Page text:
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“They’re going to nail us no matter what we do, so we might as well have a good time.”
Photo by Barry Chin/The Boston Globe via Getty Images

There’s been a lot of angst about the 2021 Pirates lately. In five weeks’ time, the team has rid itself of arguably the face of the franchise and two guys who were supposed to head up the starting rotation. In return, the Bucs got guys who, barring any acts of God or Tommy John, won’t sniff the Show for at least two years. There is not one analyst, journalist, or blogger that gives this year’s Pirates any view other than out of the cellar window. They agree about the future brightening with the prospects, but this year? Forget it.

Even Ben Cherington, who in the past has done everything but stand on his head to avoid using the word “rebuild,” has … well, admitted it.

Here’s a question, though—would you rather know that upfront, or have it be like it was during the Neal Huntington era, where Huntington was trying to rebuild and contend at the same time?

Stephen J. Nesbitt, over at The Athletic (paywall), has a great article about how Huntington, like Cherington is now, should have been willing to blow up the current team to improve it down the road. Instead, he just hoped to get to October with what he had and tried to time prospects’ promotions to coincide with getting rid of rentals. That way, it was guaranteed that Pirates fans would be disappointed every year when the Bucs choked in the Wild Card Game. But hey, at least they got to the Wild Card Game, right?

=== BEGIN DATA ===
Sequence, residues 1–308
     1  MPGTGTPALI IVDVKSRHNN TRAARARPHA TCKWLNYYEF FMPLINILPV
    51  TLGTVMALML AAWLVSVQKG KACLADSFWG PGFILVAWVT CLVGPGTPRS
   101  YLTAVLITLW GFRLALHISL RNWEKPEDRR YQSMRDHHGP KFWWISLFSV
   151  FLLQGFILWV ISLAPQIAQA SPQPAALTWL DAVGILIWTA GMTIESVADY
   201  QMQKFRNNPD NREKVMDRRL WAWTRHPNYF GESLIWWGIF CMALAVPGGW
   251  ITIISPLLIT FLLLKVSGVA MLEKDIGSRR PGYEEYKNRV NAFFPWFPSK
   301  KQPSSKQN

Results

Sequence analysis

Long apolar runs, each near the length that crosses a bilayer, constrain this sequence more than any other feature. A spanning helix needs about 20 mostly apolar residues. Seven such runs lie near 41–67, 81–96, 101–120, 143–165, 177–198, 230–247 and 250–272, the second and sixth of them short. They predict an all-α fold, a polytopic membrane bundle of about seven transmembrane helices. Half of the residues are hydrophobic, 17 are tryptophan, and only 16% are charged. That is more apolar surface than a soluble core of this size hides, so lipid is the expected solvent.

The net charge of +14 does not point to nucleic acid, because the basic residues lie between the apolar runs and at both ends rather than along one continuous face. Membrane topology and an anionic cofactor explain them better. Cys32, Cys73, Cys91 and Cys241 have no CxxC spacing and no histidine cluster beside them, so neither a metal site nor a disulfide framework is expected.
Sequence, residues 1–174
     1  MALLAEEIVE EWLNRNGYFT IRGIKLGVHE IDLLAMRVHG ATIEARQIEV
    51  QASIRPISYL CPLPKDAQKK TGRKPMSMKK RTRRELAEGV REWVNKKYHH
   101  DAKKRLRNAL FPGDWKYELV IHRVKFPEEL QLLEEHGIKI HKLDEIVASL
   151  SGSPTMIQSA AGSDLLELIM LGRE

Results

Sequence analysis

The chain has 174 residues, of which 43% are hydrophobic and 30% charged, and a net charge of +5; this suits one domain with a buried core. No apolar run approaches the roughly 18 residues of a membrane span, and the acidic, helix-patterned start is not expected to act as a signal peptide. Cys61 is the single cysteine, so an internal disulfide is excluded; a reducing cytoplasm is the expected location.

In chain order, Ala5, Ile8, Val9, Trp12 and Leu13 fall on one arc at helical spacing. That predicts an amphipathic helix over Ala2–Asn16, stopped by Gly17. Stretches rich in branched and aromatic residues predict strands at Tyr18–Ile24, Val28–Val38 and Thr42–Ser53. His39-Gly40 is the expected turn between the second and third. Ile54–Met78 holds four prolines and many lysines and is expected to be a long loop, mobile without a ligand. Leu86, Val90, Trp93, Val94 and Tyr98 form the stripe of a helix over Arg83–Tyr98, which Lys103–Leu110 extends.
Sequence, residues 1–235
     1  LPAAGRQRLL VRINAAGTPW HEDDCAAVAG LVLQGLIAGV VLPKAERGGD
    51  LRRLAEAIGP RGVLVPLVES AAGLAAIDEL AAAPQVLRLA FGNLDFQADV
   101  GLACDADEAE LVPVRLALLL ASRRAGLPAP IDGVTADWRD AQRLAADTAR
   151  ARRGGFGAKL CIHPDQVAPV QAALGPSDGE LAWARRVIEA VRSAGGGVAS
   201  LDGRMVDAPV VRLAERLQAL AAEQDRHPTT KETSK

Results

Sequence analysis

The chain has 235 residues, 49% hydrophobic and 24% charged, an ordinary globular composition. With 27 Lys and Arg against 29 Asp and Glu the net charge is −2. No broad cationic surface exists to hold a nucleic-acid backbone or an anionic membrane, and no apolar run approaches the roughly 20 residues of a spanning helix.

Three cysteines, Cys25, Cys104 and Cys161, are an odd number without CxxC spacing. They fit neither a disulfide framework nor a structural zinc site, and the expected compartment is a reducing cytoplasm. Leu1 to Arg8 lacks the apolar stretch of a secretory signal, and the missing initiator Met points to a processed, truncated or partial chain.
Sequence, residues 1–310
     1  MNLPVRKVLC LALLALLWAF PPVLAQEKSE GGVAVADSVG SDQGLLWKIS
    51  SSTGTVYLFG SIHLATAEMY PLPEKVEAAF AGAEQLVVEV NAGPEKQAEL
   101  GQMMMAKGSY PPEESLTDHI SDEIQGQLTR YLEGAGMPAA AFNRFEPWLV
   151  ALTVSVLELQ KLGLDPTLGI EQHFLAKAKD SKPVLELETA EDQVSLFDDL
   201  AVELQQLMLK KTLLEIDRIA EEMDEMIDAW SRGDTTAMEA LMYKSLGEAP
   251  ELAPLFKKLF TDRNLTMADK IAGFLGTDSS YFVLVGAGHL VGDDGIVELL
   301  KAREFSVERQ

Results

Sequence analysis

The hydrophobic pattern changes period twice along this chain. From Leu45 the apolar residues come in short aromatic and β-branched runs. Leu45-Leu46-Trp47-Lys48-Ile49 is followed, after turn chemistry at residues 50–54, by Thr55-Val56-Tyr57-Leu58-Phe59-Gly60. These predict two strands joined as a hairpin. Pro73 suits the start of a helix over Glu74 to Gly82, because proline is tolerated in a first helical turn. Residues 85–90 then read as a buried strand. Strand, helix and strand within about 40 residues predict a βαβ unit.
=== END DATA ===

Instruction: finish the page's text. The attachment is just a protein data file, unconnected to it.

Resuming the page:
Even the big-money teams have learned over the years that if the farm system is neglected, no amount of high-priced free agents is going to get a team where it wants to go. Ben Cherington is following the same path as he did with the Red Sox in 2012—cutting loose the large contracts and building up the prospect base. Yes, he had much more money with which to in Boston to attract free agents, but with the possible exception of Jake Peavy, he wasn’t buying superstars.

I know that it’s hard for Pirates fans to have faith. Neal Huntington sold you what it was next to impossible for the team to buy. And I’ll emphasize this because I’m not the only one saying it—if Bob Nutting didn’t indicate that he would be willing to spend money, Ben Cherington would not have taken this job. No, it won’t be Trout-like money, but it will be “keeping Ke’Bryan Hayes or Bryan Reynolds money,” should those two keep progressing (use your own example here). I do not doubt that if Cherington finds out otherwise, he’s gone, and at that point, Nutting deserves everything he’ll get.

I love baseball. Whether it’s an MLB game or the minors, going to a game is my idea of a good time. I’ve been to a little over half of the current major league parks, and PNC Park deserves every accolade it gets. And I would rather have a GM be honest and tell fans, “we’re going to be better, but it’ll be rough until we do,” than have one try to convince everyone that the team has a legitimate shot every year.

Expect the worst—you’ll never be disappointed.